6. J. Maity, P. Saha, U. I. M. Gerling, D. Lentz, B. Koksch; “An approach for simultaneous synthesis of cis- and trans-3-substituted proline-glutamic acid chimerasSynthesis, 2012, 44, 3063-3070.


5. R. Rezaei Araghi, C. Baldauf, U. I. M. Gerling, C. D. Cadicamo, B. Koksch; “A systematic study of fundamentals in a-helical coiled coil mimicry by alternating sequences of β- und γ-amino acidsAmino Acids, 2011, 41, 733-742.


4. E. Brandenburg, H. v. Berlepsch, U. I. M. Gerling, C. Böttcher, B. Koksch; “Inhibition of Amyloid Aggregation by Formation of Helical AssembliesChem. Eur. J. 2011, 17, 10651-10661.


3. U. I. M. Gerling, E. Brandenburg, H.v. Berlepsch, K. Pagel, B. Koksch; “Structure Analysis of an Amyloid-Forming Model Peptide by a Systematic Glycine and Proline ScanBiomacromolecules, 2011, 12, 2988-96.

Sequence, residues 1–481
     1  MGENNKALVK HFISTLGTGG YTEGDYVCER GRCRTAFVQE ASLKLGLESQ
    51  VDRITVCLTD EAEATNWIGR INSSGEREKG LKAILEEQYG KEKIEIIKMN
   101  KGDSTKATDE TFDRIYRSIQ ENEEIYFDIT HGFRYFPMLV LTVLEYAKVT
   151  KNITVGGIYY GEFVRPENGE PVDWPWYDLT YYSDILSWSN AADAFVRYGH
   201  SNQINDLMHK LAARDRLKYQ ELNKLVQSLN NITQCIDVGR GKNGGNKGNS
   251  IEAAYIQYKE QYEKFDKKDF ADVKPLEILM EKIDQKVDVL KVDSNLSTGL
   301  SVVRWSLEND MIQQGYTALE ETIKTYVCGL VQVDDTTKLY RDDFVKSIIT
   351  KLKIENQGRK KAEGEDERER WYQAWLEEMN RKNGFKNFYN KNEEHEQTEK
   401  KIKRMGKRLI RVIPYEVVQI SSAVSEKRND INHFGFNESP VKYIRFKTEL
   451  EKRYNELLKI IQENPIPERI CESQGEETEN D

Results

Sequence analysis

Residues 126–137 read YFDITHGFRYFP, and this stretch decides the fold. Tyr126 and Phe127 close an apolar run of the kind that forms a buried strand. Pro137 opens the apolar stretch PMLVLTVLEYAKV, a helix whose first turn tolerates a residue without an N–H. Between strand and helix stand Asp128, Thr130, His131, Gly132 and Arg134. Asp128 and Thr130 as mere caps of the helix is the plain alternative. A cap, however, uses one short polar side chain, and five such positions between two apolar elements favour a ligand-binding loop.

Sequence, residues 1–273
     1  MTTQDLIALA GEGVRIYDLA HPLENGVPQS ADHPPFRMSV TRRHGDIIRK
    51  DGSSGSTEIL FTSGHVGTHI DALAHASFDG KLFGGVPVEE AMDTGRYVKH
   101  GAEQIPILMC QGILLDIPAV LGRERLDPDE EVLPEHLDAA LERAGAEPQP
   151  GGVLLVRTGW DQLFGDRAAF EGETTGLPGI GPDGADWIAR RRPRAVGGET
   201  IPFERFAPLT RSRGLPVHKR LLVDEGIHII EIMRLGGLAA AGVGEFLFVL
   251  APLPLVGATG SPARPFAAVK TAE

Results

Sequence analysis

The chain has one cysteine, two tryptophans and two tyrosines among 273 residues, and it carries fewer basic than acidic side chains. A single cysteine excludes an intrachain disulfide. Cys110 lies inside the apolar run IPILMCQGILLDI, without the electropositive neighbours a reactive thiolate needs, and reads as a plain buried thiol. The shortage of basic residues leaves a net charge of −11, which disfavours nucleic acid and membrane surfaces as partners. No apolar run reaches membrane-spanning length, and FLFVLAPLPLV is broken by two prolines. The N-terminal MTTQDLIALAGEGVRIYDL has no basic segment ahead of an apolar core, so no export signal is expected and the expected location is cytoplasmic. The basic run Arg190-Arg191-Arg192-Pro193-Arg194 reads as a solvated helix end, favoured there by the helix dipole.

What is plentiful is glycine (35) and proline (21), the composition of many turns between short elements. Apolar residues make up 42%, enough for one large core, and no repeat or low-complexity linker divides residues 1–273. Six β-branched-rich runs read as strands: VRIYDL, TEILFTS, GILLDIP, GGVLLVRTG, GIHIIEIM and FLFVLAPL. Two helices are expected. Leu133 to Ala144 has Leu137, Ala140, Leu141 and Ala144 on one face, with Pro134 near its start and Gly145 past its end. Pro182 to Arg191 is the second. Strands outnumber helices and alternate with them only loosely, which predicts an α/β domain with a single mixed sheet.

2. A. Botev, L.M. Munter, R. Wenzel, L. Richter, V. Althoff, J. Ismer, U. Gerling, C. Weise, B. Koksch, P.W. Hildebrand, R. Bittl, G. Multhaup; “The Amyloid Precursor Protein C-Terminal Fragment C100 Occurs in Monomeric and Dimeric Stable Conformations and Binds γ-Secretase ModulatorsBiochemistry, 2011, 50, 828-825.


1. J.A. Falenski, U. Gerling, B. Koksch; “Multiple glycosylation of de novo designed alpha-helical coiled coil peptidesBioorg. Med. Chem. 2010, 18, 3703-3706.